"We can’t eat money or drink oil."
Updated: Jan 11, 2020
Not all powerful nonviolent actions are “in your face” opposition. Some come in unexpected moments of authentic emotion delivered to powerful people.
December 7, 2016 holds such a moment.
Autumn Peltier, a twelve-year-old Anishinaabe and Wikwemikong First Nation member, was chosen to present a water bundle gift to Canadian Prime Minister Justin Trudeau. Peltier spent days hand writing a speech to deliver to him. But as she listened to the elders speaking before her, she thought about the prime minister’s recent decision to approve an oil pipeline opposed by indigenous peoples.
Instead of her prepared remarks Peltier told Trudeau “I am very unhappy with the choices you’ve made.”
He responded “I understand that.”
To which Peltier simply said, “The pipelines,” and began to cry.
While this was a moment that raised her public profile, it was born out of years of awareness and purpose. Peltier became a Water Protecter when she was eight years old and saw her first boil water notice in a nearby community. That notice was the first time she learned there were place where the water was not safe to drink fresh from the tap. Peltier’s great-aunt Josephine Mandamin was a Water Protector and founder of the Mother Earth Water Walkers  who encouraged her to become involved in protecting water.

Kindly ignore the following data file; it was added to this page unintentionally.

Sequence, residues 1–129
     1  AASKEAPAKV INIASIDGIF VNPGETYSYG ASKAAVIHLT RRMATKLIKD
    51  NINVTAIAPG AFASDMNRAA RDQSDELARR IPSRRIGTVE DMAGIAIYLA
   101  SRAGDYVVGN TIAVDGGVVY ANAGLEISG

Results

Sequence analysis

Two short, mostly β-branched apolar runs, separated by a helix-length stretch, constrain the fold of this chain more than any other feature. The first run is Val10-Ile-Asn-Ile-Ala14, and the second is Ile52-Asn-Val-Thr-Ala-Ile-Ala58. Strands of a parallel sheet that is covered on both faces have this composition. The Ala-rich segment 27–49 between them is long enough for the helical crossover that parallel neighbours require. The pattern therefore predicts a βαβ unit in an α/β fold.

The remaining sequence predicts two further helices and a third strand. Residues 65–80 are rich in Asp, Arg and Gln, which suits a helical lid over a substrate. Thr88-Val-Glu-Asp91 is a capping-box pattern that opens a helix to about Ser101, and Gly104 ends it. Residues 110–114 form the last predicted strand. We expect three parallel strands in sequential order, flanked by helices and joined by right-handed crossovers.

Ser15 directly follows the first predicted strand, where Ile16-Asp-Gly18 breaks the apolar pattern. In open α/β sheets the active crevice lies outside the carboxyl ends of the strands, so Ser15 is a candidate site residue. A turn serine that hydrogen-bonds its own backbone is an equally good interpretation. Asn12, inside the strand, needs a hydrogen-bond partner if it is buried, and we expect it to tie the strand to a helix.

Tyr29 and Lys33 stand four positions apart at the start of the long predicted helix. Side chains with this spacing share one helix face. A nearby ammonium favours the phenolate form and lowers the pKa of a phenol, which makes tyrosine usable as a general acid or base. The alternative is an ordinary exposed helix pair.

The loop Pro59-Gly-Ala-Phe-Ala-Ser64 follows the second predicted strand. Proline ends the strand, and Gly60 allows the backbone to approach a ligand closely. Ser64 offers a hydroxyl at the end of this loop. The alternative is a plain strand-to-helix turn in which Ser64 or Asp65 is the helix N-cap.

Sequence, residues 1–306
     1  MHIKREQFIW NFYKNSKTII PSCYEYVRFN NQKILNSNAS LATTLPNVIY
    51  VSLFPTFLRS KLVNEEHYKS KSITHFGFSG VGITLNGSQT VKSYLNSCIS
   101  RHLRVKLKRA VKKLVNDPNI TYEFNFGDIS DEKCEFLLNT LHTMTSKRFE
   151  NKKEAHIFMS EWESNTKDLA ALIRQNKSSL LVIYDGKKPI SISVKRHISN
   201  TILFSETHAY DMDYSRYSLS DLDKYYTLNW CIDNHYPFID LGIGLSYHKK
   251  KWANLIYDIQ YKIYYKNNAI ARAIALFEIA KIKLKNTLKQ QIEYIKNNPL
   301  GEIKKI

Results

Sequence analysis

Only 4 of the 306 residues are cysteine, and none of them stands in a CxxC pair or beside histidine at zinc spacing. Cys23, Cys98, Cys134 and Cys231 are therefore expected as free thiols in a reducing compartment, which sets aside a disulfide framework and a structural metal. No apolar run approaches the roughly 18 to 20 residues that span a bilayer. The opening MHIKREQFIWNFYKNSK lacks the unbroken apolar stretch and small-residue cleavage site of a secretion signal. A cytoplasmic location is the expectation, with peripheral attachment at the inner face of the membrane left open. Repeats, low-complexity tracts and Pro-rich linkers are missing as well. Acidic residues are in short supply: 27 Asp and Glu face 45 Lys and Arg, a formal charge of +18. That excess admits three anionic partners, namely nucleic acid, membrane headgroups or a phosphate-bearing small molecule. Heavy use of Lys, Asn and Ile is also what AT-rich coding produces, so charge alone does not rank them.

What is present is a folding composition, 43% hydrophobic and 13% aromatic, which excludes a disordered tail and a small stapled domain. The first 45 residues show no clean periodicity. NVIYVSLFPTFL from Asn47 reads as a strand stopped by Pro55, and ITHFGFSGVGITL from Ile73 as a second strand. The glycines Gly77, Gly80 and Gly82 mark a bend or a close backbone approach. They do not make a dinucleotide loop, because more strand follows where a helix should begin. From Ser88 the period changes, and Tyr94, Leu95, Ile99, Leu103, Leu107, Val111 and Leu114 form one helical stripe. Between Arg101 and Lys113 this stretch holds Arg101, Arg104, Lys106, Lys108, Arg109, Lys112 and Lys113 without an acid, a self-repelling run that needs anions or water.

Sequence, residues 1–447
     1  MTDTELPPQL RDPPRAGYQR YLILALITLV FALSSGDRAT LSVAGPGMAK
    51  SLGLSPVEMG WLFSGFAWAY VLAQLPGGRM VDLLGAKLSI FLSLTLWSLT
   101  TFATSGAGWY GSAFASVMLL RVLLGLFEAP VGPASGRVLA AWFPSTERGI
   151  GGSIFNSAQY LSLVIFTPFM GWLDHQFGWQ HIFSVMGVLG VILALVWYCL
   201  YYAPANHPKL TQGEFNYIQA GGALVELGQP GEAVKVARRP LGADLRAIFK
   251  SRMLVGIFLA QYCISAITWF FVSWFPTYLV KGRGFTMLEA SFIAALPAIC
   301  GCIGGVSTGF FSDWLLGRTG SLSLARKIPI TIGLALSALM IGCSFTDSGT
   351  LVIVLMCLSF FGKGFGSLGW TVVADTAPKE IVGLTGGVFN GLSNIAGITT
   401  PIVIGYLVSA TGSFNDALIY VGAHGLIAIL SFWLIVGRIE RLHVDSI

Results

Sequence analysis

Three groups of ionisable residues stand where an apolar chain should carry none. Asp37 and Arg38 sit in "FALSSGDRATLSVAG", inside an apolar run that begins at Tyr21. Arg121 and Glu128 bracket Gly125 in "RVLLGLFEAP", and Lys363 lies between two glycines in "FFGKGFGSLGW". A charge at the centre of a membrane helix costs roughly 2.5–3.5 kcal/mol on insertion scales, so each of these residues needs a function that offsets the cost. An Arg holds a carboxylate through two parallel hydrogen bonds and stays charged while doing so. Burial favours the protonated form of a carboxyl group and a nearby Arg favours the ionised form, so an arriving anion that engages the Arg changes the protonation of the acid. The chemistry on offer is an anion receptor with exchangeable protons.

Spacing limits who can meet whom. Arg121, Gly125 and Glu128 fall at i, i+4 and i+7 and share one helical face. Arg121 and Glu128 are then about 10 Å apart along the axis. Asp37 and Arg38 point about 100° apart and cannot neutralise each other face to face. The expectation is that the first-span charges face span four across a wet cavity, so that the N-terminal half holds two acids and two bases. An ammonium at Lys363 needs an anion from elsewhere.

Peltier deeply understands the ways water interacts with land and fundamentally supports life. She understands what longstanding advocacy for it looks like. So when she met Trudeau, the conflict between the obvious need to protect water and the people most impacted by lack of access to it, and a man taking actions at odds with that mission gave rise to a great moment in dissent.
Peltier did not rest on her laurels after meeting Trudeau. She speaks and advocates for clean water for everyone regularly. In April 2019 she was named the Chief Water Commissioner by the Anishinabek Nation and recently spoke at the UN’s recent Global Landscape’s forum a day after millions of students took to the streets in Canada to protest lack of action on climate change. She was named one of the twenty people to watch by Maclean's, won the Water Warrior Award, and was the only Canadian named to the BBC's 100 most influential women list along with Zero Hour's Jamie Margolin and Greta Thunberg.
I appreciate the authenticity of Autumn Peltier and the determination with which she continues her work when the limelight falls away. You can follow and support this young woman changing our world for the better here: https://www.instagram.com/autumn.peltier/
 No. 21: Delivering of symbolic objects
 No. 31: “Haunting” officials.
 No. 41: Pilgrimages
 No. 121: Literature and speeches advocating resistance